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When You Should Fire Your Client

There comes a time when enough is enough, and your working relationship with a client is no longer effective. When ...

When You Should Fire Your Client

There comes a time when enough is enough, and your working relationship with a client is no longer effective. When is it time to say, “It’s been nice, but…?”

 

There are four red flags to which you should pay close attention:

Problems communicating with the client

  • You have no idea what the client wants and you are wasting billable hours trying to get a scope of work so that you can actually do the work.

  • The client is unavailable.

Problems with client expectations

  • The client doesn’t understand that you have other clients, and thus assumes you are at his or her command.

  • The client paid for one type or level of service, but expects far more for their money.

  • The client changes course on a dime. First they want this, and then they want some other thing.

Problems with your own scheduling

  • You’re too busy with other projects to meet the client’s delivery expectations.

Problems with agreed terms of delivery or payment

  • The client doesn’t pay the agreed amount for hourly or fixed-fee work.

  • The client doesn’t pay on the agreed schedule of payment.

  • The client expects on Tuesday what you agreed to deliver by Friday.

 

Any one of the above problems is a deal-breaker and threatens your ability to get work done, and any one of these problems is suitable ground for firing your client. But, be cautious about HOW you fire the client…

  • Make the phone call or email as pleasant as possible. Since your client is working in your chosen field, it’s important to part with them amicably lest you jeopardize possible work with the client’s associates and peers. And of course, if your client is a kingpin in your industry, you risk being blackballed from the field if you don’t handle the situation with sensitivity.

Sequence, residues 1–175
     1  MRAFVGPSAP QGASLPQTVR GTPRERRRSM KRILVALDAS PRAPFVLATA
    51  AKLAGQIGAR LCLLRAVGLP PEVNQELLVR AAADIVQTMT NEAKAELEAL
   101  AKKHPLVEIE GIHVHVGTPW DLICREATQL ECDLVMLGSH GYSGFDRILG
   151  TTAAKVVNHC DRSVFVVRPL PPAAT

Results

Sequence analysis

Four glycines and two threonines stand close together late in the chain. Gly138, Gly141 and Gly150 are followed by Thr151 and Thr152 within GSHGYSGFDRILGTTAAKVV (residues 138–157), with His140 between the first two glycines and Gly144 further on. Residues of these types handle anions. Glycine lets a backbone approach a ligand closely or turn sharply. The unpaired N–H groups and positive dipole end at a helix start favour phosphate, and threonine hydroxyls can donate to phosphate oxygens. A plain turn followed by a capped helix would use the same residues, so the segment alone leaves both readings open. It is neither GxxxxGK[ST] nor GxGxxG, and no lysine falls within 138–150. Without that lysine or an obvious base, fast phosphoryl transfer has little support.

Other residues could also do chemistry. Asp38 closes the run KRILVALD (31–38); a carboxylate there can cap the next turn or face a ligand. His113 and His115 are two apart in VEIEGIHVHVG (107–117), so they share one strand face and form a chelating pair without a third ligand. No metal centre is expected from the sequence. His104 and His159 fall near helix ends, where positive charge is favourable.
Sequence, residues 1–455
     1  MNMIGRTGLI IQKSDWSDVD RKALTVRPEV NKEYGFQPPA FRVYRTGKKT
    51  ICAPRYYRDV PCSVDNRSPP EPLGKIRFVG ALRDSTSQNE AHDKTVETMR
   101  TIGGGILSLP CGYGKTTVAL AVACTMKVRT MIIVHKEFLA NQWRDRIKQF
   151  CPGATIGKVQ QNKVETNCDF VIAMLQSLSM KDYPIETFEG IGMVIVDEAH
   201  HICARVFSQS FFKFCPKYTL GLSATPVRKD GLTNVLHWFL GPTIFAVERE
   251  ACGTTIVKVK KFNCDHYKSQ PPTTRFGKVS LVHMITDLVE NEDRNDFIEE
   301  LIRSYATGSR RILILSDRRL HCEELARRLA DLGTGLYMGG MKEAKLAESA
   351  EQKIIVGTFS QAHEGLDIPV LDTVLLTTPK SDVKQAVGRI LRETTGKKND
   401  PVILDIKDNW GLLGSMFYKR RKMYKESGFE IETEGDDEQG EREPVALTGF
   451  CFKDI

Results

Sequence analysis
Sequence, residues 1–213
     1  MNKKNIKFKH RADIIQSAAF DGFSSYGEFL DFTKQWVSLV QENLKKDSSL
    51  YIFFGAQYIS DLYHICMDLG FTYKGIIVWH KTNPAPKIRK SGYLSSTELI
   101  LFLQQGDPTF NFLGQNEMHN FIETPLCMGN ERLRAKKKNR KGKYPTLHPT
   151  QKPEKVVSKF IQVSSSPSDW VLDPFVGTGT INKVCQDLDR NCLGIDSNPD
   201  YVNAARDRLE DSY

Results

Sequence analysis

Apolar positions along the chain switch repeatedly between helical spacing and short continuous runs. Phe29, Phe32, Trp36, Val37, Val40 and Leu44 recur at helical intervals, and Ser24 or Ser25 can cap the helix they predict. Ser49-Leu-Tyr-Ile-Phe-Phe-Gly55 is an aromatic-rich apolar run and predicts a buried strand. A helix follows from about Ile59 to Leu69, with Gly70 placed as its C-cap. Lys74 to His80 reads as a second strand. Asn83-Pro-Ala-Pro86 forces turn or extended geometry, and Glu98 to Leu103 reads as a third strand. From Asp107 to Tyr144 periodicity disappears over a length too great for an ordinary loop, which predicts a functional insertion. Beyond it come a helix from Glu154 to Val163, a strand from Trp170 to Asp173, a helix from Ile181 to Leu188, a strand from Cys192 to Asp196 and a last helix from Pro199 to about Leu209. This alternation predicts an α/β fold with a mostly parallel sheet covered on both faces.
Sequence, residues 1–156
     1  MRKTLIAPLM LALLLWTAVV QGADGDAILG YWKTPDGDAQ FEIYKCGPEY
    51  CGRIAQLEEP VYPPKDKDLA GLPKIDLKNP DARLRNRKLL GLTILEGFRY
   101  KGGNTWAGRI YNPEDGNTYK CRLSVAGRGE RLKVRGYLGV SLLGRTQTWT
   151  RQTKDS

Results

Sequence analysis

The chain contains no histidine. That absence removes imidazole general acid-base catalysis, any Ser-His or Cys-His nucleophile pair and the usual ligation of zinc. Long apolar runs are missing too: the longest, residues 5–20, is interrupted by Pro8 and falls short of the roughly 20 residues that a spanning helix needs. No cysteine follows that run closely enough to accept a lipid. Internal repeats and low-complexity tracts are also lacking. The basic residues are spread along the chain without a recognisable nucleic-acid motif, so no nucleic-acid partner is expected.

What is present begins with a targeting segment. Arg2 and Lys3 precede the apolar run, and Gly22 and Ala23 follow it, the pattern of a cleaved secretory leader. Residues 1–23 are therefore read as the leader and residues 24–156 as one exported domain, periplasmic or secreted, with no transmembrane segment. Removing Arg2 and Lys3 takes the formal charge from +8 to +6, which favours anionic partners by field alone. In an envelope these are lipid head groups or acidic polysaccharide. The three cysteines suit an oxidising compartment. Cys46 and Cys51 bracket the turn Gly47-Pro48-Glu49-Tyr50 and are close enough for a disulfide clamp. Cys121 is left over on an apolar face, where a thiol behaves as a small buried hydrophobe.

• In the last call or email to the client, it is good business practice to point out something positive about your experience working with them. You liked the product or service, or you liked some element of the working relationship. Remember that even if you fire your client, he or she might serve as a reference later on, even if there was a problem working with them directly. Don’t slam the door in their face.

  • If you are under written contract with the client, you may need to consult a lawyer to make sure you can avoid the possibility of a “breach of contract” suit against you.

Work should be a rewarding experience for both you and your client. It is wisest to give time to solving any of the problems listed above before using the problem as justification for terminating the work relationship.

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